Lime bikes, Lime scooters, and now, Lime cars.
Lime, the high-flying transportation startup valued at $1.1 billion, already has thousands of shared bicycles and scooters in more than 100 cities across the globe.
But now it’s getting into the car-sharing game, starting with the launch of 500 LimePods in Seattle next month, available to rent via Lime’s smartphone app.
GeekWire got a first look inside the new Lime-branded Fiat 500 this week in Seattle, where Lime will compete against two other car-sharing services from BMW (ReachNow) and Daimler (car2go) that already have a combined 1,500 cars available to rent. The city has embraced the “free-floating” car-sharing model that lets customers pay for drive time on a per-minute basis and drop the vehicles off on any residential or metered parking spot within a given zone.
Will Lime be able to compete in a crowded market? What’s different about the LimePods? And what does Lime have up its sleeve?
Here are some quick takeaways from our experience:
It’s easier: To access vehicles and start a trip, ReachNow and car2go require users to enter a pin code on their smartphone or with the in-car infotainment system. Lime makes it more simple, borrowing the unlock feature from its bicycles and scooters. LimePods are accessed by simply scanning a QR code — placed on the sides and rear of the car — with the Lime app. The key is already in the ignition. It’s pretty slick.
It’s cheaper: Not by much, but Lime does offer the cheapest per-minute rate — 40 cents — of the three car-sharing services in Seattle. ReachNow and car2go charge 45 cents per minute. However, Lime does charge $1 to unlock a LimePod. And ReachNow and car2go do offer price caps — charges are maxed out at $15 for an hour of driving, for example.
The Fiat 500: This was my first time taking the two-door Italian “sports car” for a spin. It’s definitely fun to drive and mimics the feel of ReachNow’s MINI options. The black leather interior is comfortable enough for two people, but fitting four is a squeeze. Bonus points: LimePods come with a sturdy smartphone holder.
‘Very sexy and very cool and very futuristic’: That’s how Pete Dempster, program manager at Lime who is overseeing the LimePod launch, described the small, low-speed electric vehicles that will eventually replace the Fiat 500s in Lime’s car-sharing fleet. He said it’s unlike anything else on the roads today. “We want the same sort of emotional response that we experienced when we put scooters on the street, where the inner child in you comes out and goes, ‘I want to take a trip in that. I want to use that.” Bloomberg hinted at these electric “transit pods” in May.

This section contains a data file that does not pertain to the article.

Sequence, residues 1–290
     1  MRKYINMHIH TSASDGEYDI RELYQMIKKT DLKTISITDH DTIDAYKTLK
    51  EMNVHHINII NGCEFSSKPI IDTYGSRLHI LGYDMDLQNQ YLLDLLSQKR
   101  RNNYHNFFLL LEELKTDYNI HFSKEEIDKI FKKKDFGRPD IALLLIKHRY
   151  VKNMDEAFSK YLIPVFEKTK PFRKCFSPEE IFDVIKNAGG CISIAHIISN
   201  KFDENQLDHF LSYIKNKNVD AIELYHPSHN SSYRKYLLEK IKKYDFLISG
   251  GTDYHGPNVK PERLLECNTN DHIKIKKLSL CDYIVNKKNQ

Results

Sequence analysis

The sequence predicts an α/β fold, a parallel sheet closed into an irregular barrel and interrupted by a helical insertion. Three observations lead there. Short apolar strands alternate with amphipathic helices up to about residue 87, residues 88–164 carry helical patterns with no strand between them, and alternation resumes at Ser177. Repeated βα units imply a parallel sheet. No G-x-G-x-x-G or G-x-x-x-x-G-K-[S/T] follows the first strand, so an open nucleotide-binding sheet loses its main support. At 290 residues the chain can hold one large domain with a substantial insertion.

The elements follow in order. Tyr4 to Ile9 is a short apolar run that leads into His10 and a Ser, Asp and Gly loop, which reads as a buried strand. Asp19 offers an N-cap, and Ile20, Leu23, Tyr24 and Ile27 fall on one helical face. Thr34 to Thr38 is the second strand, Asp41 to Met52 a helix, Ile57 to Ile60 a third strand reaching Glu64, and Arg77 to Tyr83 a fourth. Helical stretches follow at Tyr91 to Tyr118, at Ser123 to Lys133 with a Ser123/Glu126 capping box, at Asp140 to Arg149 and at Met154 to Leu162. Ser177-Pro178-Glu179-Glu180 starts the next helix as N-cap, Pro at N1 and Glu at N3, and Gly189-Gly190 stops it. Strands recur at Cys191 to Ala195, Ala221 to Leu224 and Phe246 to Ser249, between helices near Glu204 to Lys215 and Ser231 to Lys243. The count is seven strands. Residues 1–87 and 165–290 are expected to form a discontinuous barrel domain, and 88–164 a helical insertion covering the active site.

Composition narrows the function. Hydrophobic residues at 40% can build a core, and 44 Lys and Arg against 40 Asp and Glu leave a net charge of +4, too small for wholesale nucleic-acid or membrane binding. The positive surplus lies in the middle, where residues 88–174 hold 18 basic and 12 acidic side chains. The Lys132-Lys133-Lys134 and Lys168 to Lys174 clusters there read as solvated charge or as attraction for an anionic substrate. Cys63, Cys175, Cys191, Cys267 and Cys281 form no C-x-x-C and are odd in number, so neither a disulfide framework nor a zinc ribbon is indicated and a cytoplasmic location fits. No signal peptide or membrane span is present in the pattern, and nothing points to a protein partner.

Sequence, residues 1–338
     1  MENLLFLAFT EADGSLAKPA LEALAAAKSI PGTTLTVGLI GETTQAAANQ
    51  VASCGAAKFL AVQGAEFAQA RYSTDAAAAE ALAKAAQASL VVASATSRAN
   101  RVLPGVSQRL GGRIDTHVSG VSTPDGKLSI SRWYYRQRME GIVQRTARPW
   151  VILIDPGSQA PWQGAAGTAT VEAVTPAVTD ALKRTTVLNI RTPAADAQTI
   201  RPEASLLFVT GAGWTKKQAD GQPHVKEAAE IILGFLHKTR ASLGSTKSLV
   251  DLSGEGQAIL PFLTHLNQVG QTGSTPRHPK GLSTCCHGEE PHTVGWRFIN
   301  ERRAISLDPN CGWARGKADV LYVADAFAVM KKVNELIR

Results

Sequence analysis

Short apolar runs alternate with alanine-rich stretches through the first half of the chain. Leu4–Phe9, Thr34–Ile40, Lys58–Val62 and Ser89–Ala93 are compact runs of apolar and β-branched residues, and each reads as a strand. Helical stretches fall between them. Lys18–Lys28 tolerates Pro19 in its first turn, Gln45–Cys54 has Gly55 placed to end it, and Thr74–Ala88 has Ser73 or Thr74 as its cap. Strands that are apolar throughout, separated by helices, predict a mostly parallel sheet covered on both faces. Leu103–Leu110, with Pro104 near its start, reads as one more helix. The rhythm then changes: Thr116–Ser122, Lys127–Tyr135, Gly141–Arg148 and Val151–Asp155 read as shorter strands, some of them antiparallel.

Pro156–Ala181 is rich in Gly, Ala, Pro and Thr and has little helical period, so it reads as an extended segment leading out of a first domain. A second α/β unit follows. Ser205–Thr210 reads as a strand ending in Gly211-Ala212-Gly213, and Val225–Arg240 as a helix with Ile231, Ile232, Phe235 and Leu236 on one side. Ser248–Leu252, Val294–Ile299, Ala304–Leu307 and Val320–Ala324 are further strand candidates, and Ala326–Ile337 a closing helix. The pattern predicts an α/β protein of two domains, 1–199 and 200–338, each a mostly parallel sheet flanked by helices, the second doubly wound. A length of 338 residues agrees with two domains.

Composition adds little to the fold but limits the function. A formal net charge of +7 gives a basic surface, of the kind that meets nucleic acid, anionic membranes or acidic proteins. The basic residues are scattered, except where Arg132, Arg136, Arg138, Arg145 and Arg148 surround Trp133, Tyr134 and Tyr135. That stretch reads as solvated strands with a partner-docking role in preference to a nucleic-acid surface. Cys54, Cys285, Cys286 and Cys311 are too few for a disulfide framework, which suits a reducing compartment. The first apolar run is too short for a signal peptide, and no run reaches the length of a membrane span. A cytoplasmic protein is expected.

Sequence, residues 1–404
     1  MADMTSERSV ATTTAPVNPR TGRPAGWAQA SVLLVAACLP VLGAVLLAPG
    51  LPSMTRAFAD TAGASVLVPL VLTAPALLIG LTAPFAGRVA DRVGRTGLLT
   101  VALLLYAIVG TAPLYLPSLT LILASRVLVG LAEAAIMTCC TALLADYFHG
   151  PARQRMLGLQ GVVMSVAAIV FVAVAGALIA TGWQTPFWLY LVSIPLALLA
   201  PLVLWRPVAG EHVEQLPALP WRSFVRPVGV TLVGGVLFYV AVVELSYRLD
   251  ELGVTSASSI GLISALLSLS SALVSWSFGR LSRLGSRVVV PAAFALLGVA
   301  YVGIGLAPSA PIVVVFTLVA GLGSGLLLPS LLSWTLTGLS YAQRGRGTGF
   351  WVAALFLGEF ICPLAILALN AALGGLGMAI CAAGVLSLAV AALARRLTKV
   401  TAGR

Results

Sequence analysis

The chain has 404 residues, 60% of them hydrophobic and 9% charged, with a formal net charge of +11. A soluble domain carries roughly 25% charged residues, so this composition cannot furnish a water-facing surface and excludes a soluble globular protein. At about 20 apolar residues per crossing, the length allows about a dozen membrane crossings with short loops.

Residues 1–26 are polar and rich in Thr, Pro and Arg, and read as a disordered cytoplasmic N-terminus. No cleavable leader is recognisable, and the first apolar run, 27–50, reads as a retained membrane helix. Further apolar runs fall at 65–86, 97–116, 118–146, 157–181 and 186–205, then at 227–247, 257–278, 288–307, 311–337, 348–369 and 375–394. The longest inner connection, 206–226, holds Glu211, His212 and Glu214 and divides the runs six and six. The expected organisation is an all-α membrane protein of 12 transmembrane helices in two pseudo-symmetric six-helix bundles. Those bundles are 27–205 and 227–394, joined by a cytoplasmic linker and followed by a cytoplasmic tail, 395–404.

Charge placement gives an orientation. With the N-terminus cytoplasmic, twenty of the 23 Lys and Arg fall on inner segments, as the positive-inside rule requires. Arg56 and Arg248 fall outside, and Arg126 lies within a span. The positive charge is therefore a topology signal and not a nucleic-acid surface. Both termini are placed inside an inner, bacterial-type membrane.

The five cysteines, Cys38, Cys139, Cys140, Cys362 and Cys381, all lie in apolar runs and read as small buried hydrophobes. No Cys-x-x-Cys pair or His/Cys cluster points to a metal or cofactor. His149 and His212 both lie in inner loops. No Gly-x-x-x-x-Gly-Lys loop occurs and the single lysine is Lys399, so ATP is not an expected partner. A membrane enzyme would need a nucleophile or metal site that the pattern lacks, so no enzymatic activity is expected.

Other details: Unlike the other two services, Lime requires users to take a photo of their vehicle before ending a trip. Users must have a valid driver’s license; a year of driving history; and be 21 years or older. Lime offers insurance and gas, just like the other services. The Seattle launch is set for Dec. 10, with cars available across the city. Lime said it wants to have 1,500 LimePods on the road, and possibly more, which would make it the largest car-sharing service in Seattle. It will also launch LimePods soon in an unannounced California city.
Why is Lime doing this?
Dempster, a transportation junkie who bikes to work everyday, knows a thing or two about car-sharing. He was previously a leader at ReachNow, helping BMW launch its own car-sharing program in Seattle two years ago. Dempster also worked on DriveNow, the first iteration of BMW’s mobility service that struggled to gain traction in the Bay Area before rebranding in Seattle as ReachNow.
While BMW and car2go offers higher-end vehicles, Lime is “trying to bring car-share to the masses,” Dempster said.
“We think that we can introduce the most equitable and most sustainable version of car-share that has ever existed,” he added.
Lime, which raised a $335 million round in July from investors such as Uber and Alphabet, also differs from ReachNow and car2go — which agreed to merge in March — because of its multimodal strategy, adding cars to a network that already includes bikes and scooters (not in Seattle —yet).
Dempster envisions people using a combination of Lime’s offerings to get around a city — for example, driving a LimePod close to downtown and taking one of 5,000 e-bikes the rest of the way to a Mariners game or happy hour meetup. Lime could incentivize this type of behavior with free transfers, Dempster said.
“Then we have something that’s really compelling and a platform that works for every need,” he said, adding that “it’s in our best interest if people get rid of their personal car.”
It’s unclear how car-sharing affects overall traffic congestion. car2go cites a 2016 car-sharing study that showed how car2go reduces the net number of vehicles on the road.
A transportation analyst in July reported that ride-hailing services are actually making traffic worse, going against messaging from companies such as Uber and Lyft.
Lime is part of a ground transportation industry being transformed by technology with ride-hailing, car-sharing, self-driving, and other new ways to get around cities. Its U.S. rival in the scooter race is Bird, which is focused solely on scooters and has also raised hundreds of thousands of venture capital dollars. Uber, meanwhile, recently acquired bike-sharing startup JUMP, while Lyft bought Motivate.
Car-sharing has proved popular in Seattle, which is car2go’s largest U.S. market with 127,000 members. But can LimePods survive or even thrive in a market that already has two other competing services? Lime is confident that there’s a business opportunity.
“We’re not concerned about demand for this,” Dempster said. “We know that the demand is there for one-way, great, easy-to-use mobility that is in the form of car-share. We’re going to have the best operations and the best product, and that’s how we’ll win.”